All The Birds In The Sky is a book that defy’s all possible genres and does so quite successfully. It’s the story of a witch and a tech mogul and the world between them.
The novel opens with a young Patricia in a Doctor Dolittle-esque that consists of a wounded bird, a mean older sister, a cat and a wise old tree. The scene serves as an introductory to Patricia and her abilities as she begins to discover her own uniqueness.
Following this initial glimpse into Patricias life, we are soon introduced to a young tech nerd named Laurence who is quite the savant when it comes to technology. Laurence finds himself being a social outcast at his school, he spends his free time building devices that he finds instructions for on the internet. One of his projects is an Artificial Intelligence program that dwells in a computer in his bedroom.
Inevitably Patricia and Laurence meet and become friends as they go to the same school together. They begin to mature into their respective abilities. This gets the attention of a certain member of a Nameless Order that attempts to interfere with the ultimate destiny of these two. As the children grow, Patricia starts exhibiting the powers she possesses as a young witch while Laurence hones his technological abilities. They help each other get out of trouble when necessary. Interestingly, Patricia and Laurence begin to grow together and apart almost simultaneously as they each have to come to terms with each other.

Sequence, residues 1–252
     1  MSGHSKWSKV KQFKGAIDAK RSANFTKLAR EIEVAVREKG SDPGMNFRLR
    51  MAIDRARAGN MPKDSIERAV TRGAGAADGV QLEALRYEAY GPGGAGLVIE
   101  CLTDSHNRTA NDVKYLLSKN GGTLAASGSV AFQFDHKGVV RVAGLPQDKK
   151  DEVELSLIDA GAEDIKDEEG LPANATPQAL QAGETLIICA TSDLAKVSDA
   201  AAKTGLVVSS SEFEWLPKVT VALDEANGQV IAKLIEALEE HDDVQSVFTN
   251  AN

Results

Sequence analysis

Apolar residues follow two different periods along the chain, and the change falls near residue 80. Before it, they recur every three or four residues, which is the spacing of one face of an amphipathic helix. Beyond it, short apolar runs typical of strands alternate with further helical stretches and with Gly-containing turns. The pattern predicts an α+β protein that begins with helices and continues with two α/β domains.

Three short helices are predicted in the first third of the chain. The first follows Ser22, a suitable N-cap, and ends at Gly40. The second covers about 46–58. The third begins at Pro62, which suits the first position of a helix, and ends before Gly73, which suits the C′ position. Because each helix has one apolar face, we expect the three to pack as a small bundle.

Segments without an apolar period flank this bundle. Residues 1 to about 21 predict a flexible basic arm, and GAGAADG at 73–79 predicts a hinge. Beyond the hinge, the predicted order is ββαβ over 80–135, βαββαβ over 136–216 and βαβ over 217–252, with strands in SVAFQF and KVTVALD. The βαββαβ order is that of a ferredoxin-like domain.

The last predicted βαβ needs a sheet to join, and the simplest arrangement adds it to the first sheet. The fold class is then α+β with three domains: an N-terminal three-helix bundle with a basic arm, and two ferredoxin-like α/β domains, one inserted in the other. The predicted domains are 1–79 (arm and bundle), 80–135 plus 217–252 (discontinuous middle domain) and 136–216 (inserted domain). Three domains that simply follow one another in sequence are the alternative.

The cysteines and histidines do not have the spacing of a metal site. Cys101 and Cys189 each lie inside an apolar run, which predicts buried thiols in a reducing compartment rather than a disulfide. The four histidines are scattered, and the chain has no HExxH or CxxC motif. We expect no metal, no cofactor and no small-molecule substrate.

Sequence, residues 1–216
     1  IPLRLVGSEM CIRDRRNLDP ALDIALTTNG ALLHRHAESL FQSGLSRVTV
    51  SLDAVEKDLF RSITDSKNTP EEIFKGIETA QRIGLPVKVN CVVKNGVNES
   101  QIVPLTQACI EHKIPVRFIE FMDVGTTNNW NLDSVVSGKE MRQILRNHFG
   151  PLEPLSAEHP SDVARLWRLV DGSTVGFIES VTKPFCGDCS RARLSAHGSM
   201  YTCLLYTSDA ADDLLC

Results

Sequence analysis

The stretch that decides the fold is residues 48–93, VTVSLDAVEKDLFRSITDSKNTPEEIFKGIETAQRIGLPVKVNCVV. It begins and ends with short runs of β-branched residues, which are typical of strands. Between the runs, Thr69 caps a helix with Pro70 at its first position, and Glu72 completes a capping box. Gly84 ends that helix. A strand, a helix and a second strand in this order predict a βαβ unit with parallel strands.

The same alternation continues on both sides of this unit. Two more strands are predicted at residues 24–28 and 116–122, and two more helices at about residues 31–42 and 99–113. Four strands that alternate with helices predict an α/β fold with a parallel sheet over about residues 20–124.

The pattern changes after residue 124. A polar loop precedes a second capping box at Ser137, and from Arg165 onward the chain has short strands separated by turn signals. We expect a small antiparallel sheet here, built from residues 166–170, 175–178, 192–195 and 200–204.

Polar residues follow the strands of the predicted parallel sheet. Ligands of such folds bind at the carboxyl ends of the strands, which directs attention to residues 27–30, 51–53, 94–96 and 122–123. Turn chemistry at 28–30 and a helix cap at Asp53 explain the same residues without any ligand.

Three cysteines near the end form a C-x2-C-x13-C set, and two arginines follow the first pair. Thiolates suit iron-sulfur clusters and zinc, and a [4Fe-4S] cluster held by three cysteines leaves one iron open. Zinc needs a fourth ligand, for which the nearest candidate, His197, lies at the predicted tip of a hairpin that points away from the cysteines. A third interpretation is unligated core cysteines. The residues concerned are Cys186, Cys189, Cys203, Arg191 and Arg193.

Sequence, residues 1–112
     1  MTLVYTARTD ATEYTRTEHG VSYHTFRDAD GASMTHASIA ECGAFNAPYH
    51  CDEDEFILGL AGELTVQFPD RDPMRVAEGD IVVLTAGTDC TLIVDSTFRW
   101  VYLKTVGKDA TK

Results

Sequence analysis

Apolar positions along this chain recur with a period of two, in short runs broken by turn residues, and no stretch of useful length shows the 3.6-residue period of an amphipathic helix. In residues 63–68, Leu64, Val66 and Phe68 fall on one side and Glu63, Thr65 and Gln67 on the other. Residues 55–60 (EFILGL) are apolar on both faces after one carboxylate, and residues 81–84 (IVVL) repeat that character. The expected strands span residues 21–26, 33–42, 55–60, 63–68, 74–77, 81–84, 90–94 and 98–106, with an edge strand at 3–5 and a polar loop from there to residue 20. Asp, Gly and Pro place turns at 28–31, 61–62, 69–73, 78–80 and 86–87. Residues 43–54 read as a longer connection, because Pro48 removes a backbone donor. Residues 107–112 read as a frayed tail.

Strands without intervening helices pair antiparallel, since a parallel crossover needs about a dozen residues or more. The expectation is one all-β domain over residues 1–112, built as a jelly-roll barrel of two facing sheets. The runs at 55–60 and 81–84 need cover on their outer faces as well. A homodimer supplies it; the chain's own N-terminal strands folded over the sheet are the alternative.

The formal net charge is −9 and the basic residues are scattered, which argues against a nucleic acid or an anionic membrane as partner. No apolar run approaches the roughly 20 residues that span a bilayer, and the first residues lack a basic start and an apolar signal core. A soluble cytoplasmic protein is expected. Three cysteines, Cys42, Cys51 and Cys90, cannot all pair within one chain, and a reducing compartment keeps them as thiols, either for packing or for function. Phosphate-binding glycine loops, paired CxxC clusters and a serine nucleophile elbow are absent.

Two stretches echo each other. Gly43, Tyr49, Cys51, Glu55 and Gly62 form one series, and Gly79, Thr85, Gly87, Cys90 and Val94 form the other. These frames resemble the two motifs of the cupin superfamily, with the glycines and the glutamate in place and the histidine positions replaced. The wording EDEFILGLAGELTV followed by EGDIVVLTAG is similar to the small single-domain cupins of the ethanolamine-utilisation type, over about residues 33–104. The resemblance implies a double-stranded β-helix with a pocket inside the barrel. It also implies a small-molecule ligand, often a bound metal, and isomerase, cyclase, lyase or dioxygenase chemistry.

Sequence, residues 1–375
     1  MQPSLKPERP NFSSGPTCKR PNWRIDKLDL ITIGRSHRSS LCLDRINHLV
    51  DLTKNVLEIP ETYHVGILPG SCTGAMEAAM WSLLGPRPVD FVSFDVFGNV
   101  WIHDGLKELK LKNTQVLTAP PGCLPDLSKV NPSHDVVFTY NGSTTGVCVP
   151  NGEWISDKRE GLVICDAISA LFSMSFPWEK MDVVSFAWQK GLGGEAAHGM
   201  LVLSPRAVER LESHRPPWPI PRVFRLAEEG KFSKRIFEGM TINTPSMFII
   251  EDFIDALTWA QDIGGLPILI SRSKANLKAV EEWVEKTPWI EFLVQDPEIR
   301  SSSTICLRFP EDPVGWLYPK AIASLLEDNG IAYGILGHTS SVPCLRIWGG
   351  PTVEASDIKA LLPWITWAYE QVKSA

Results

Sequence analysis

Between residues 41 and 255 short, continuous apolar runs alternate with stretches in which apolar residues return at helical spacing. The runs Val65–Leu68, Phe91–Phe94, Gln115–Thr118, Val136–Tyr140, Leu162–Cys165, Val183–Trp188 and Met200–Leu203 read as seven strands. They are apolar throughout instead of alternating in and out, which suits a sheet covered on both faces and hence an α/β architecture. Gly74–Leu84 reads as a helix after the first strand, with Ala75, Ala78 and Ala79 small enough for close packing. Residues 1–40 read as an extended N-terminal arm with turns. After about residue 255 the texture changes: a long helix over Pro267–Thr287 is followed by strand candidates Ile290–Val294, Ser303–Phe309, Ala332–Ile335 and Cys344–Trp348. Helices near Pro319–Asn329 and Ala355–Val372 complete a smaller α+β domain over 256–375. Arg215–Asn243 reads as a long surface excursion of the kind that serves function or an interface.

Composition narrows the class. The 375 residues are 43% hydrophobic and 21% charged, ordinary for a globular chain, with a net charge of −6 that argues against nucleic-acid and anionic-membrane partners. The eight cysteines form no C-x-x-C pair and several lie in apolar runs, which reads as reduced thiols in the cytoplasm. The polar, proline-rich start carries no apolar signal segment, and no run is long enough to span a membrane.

This attraction and polarization of Patricia and Laurence is done quite well by Anders – it showcased that despite these twos sharp differences, there is something that transcends these that’ll bring them together. Although the book does focus on the relationship between Patricia and Laurence, it does so in a world that is on the verge of complete collapse. Hurricanes are wiping out large portions of the United States while other disasters arise that must be confronted. Can magic and technology come together to help solve these crises instead of warring against one another?
This is perhaps the strength of All The Birds In The Sky as it serves as an allegory for the world that we live. Anders does not make an assertion that one field of thought is better than another, that true strength comes with solidarity rather than war.
★★★★★ ALL THE BIRDS IN THE SKY by Charlie Jane Anders